Table 1 shows persons who self-identified as black compared to persons who self-identified as white according to characteristics of the family member or friend and the family member or friend rating of patient functional status, cognitive status, apathy, and need for depression treatment. Proportionately fewer family members of black patients were a spouse.
The family members or friends of black patients were significantly more likely than the family members or friends of white patients to report poorer patient physical functioning. Fewer black patients were rated as needing depression treatment by family members or friends.
Table 2 shows a comparison of patients rated by a family member or friend as ‘not needing treatment for depression’ vs. ‘needing treatment for depression’, stratified according to self-identified patient ethnicity. Proportionally more black patients were women and unmarried. Black patients were more likely than white patients to report poorer physical and social functioning. However, no clear patterns emerged to explain differences in the family member or friend ratings of need for depression treatment according to ethnicity. Regardless of ethnicity, older patients who were rated as needing depression treatment by a family member or friend were significantly more likely to be currently taking antidepressant medications when compared to older patients who were rated as not needing depression treatment.
A family member or friend of black patients was less likely than a family member or friend of white patients to rate older patients as needing depression treatment (OR = 0.34; 95% confidence interval (CI) [0.18, 0.64]) adjusting for age, sex, living arrangements, level of educational attainment, functional status, cognition, chronic medical conditions, depressive and anxiety symptoms, whether or not the family member was a spouse, the family member or friend rating of functional status of the older adult, and the family member or friend rating of apathy of the older adult.
We studied a family member or friend rated need for depression treatment in white vs. black patients and characteristics associated with the perceived need for depression treatment. Black patients were less likely than white patients to have been rated as needing treatment for depression. This association persisted even after controlling for potentially influential variables, including severity of depressive symptoms and level of functioning. Our results are consistent with our hypothesis that friends and family of black patients would be less likely to perceive black patients as needing depression treatment. Regardless of ethnicity, older patients who were rated as needing depression treatment by a family member or friend were significantly more likely to be currently taking antidepressant medications when compared to older patients who were rated as not needing depression treatment. Our study builds on previous work (Gallo et al. 2005a) and suggests that patient ethnicity may play a role in the perceived need for depression treatment by family members and friends of older adults who are present in the primary care setting.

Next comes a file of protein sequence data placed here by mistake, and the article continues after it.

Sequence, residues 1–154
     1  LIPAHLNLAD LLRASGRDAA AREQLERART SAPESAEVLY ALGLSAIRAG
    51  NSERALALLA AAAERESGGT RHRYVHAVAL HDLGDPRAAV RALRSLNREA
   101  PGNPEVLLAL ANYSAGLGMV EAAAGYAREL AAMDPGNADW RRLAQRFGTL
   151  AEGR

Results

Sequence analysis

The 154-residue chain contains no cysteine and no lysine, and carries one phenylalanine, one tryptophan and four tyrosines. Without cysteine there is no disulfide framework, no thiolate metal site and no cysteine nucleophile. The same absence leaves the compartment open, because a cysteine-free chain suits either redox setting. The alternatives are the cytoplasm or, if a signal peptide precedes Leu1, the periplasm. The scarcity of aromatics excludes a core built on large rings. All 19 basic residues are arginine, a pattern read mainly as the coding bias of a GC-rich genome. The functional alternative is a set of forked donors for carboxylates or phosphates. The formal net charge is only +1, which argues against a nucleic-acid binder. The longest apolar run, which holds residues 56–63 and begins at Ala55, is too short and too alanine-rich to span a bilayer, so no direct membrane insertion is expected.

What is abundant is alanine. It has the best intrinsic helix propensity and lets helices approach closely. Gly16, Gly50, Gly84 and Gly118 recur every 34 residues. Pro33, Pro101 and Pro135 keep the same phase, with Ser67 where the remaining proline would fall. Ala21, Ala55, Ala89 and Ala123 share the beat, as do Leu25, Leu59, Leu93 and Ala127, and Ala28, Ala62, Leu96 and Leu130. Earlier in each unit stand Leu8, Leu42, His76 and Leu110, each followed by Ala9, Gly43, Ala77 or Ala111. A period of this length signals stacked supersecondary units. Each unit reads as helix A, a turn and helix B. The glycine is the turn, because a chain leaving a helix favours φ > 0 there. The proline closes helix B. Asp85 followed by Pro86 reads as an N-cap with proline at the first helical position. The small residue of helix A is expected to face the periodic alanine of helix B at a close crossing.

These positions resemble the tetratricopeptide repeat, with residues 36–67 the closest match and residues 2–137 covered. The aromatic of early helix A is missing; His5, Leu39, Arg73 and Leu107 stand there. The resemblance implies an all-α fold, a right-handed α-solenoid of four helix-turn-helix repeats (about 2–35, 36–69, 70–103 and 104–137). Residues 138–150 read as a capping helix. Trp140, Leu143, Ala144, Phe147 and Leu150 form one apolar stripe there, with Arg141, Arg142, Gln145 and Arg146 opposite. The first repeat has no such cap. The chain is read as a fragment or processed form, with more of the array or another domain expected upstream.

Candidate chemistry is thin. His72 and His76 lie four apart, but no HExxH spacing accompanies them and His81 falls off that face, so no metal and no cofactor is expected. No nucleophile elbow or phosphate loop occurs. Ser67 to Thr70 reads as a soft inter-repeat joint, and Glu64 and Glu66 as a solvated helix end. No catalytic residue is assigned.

Before discussing our findings, the results must first be considered in the context of some potential study limitations. First, we obtained our results only from primary care sites in Maryland whose patients may not be representative of most primary care practices. However, these practices were not academically affiliated and are probably similar to other practices in the country. Second, there is a potential for all the sources of error associated with retrospective interview data including imperfect recall and response bias (e.g., socially desirable responding). Third, selection bias is a potential limitation because, although the larger project was based on a random sample of primary care patients, the data on family member or friend ratings consisted of all the older adults who were selected for the larger project, agreed to participate, and had complete baseline interviews of a family member or friend. Fourth, our ability to assess the characteristics of the family members or friends who participated was limited. Fifth, we focused on the use of antidepressants for depression treatment and not psychotherapy. Although literature supports the effectiveness of psychotherapy, other data suggest that physicians are five times more likely to use pharmacotherapy than to provide counseling or refer for psychotherapy (Harman et al. 2001). This discrepancy is even greater in older patients (Gallo et al. 1999). Many older depressed patients, in particular African-American patients, may be reluctant to be referred to mental health professionals outside of the practice (Cooper-Patrick et al. 1999).
Nonetheless, despite limitations our results deserve attention because we examined the association of ethnicity with the perceived need for treatment of depression by a family member or friend of older primary care patients. Despite the observed variation in recognition and treatment of psychiatric disturbances according to ethnicity (Gallo et al. 1998), empirical studies have not typically focused on the perspectives of family members and friends. However, the attitudes and preferences of family members and friends are important and may have a large influence on discussing a mental health problem with a primary care physician, patient adherence, and subsequent recovery. In our findings, the family member or friend ratings of need for depression treatment were associated with the current antidepressant use.